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CARLEY, Judge.
Action on contract. Rockdale Superior Court. Before Judge Vaughn.
Pursuant to a written contract, appellant-defendants engaged appellee-plaintiff as an employee. After seven months, appellee's employment was terminated by appellants. Appellee brought this suit, seeking to recover compensation which was allegedly earned by him, but which was unpaid by appellants. Appellee also sought an award of attorney's fees pursuant to OCGA 13-6-11. Appellants answered and asserted, among their other defenses, a failure of consideration in that appellee had not performed his obligations under the written contract.
After a jury trial, a verdict was returned in favor of appellee awarding him $1,500 in general damages and $1,370 in attorney's fees as against each appellant. Appellants filed this direct appeal from the judgment that was entered by the trial court on the jury's verdict. In their sole enumeration, appellants assert that the trial court erroneously denied their motion for directed verdict as to the issue of attorney's fees.
1. Appellee has moved this court to dismiss appellants' appeal for lack of jurisdiction. Appellee's contention is that, insofar as each appellant ultimately seeks only the reversal of the $1,350 judgment for attorney's fees, their appeal is from a judgment for "$2,500.00 or less" and must, therefore, be deemed to be discretionary pursuant to OCGA 5-6-35 (a) (6). However, the final judgment which was entered as against each appellant is in the total amount of $2,850 and the fact that their enumerations of error address only a portion of that judgment will not serve to render their appeal discretionary. Under OCGA 5-6-35 (a) (6), it is the amount of the underlying final judgment from which an appeal is taken, not the enumerations of error, which determines the direct or discretionary appealability of any given case. "By its own terms OCGA 5-6-35 (a) (6) applies when there is an action for damages and the result is a judgment of $2,500 or less. [Cit.] We interpret this to mean that an application is required when a party seeking a money judgment prevails, that is[,] a judgment for some sum is obtained but the award is $2,500 or some lesser sum." Brown v. Assoc. Fin. Svcs. Corp., 255 Ga. 457 (339 SE2d 590) (1986). Appellants each seek to appeal from a judgment in excess of $2,500. Therefore, no applications for a discretionary appeal were required and this court has jurisdiction over this direct appeal. Compare Vaughn v. Cable East Point, 185 Ga. App. 203 (363 SE2d 639) (1987.)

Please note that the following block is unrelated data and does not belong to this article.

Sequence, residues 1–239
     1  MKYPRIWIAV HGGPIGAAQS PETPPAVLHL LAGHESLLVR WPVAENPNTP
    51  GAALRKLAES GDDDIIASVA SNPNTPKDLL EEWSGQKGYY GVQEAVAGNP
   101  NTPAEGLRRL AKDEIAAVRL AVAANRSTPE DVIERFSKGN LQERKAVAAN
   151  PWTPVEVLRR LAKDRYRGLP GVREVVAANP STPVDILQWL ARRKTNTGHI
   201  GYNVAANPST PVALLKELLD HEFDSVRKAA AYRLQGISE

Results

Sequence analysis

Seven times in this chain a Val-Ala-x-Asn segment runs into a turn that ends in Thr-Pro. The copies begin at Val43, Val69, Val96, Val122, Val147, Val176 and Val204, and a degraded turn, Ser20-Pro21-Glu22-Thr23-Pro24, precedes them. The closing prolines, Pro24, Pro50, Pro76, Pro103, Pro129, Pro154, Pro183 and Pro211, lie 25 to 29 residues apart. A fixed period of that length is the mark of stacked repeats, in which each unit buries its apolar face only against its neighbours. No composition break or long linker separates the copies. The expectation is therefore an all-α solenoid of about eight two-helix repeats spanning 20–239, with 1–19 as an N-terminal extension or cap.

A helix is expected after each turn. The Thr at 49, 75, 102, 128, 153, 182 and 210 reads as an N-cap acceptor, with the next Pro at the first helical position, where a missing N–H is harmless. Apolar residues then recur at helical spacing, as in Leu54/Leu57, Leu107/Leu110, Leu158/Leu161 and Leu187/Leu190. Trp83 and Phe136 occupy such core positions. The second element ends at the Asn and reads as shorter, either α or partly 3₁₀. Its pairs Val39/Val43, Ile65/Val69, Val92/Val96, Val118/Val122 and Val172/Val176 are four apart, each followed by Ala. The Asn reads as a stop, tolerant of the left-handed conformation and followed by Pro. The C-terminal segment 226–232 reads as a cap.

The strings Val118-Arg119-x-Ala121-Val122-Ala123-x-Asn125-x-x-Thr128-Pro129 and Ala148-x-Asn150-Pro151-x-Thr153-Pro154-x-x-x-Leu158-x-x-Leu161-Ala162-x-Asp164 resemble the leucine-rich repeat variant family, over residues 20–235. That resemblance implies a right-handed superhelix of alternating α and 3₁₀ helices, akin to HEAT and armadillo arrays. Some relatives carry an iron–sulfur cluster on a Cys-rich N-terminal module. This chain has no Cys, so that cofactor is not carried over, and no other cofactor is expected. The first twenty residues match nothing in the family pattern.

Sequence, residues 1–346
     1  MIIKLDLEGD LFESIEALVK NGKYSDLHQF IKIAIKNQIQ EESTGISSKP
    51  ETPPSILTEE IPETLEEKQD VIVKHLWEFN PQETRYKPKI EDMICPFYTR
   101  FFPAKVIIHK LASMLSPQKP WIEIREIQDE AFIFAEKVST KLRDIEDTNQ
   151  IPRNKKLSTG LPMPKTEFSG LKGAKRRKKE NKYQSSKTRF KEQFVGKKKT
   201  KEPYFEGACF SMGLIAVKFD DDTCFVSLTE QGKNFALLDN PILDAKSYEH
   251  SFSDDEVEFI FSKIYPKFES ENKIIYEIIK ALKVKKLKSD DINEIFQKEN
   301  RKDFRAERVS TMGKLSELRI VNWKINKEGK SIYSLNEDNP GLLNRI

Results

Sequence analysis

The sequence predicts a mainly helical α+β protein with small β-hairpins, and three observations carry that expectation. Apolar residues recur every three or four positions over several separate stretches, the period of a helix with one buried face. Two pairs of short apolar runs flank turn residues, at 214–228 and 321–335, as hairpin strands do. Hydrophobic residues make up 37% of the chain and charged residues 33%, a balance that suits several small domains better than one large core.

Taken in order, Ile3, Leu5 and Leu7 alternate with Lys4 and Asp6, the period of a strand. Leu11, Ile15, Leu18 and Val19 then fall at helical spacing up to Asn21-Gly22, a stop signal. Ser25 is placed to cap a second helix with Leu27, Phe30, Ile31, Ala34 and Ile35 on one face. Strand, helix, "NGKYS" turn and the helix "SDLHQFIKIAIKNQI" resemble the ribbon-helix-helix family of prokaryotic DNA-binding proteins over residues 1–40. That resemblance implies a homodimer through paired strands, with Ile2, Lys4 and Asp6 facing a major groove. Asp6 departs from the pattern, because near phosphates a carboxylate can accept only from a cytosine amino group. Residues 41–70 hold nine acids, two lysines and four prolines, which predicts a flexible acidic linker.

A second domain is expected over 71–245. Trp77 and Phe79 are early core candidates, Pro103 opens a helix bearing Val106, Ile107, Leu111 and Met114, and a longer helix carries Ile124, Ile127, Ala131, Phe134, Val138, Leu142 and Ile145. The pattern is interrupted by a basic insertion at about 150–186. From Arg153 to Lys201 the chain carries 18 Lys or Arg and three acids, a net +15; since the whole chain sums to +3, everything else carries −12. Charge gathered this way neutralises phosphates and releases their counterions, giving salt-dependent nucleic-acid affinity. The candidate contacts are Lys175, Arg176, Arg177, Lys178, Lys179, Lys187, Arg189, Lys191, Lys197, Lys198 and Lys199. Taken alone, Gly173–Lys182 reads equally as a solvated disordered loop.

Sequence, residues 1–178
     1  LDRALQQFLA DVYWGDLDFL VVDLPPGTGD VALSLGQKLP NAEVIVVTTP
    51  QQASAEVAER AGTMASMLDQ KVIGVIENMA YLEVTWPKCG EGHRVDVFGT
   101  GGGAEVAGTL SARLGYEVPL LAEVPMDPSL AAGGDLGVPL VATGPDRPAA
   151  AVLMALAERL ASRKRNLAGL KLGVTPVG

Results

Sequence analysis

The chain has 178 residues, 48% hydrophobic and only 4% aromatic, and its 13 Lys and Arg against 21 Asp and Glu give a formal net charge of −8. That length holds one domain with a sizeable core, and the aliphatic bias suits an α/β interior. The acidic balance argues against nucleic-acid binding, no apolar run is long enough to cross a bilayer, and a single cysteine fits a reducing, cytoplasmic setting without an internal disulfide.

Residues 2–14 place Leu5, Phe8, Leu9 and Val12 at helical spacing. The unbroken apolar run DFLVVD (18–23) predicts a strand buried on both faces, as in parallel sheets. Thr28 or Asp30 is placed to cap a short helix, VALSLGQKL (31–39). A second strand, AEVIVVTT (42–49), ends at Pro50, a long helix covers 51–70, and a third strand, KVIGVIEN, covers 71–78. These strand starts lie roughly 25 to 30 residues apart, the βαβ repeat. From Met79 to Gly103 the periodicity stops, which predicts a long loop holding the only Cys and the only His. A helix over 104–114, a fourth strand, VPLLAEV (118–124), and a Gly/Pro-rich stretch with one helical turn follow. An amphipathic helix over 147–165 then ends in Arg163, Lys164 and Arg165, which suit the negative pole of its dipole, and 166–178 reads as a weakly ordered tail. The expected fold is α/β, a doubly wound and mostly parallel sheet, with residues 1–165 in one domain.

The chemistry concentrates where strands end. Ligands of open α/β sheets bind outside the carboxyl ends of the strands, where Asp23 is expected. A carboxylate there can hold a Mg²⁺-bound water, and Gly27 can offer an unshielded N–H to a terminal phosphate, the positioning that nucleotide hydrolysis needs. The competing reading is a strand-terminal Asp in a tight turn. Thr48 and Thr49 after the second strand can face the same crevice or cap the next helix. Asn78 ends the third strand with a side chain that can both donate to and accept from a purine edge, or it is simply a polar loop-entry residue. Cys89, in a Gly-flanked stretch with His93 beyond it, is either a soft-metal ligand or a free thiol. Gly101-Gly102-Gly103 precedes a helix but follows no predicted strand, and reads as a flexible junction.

2. As indicated, appellants' sole enumeration is that the trial court erred in failing to grant their motion for a directed verdict on the issue of attorney's fees.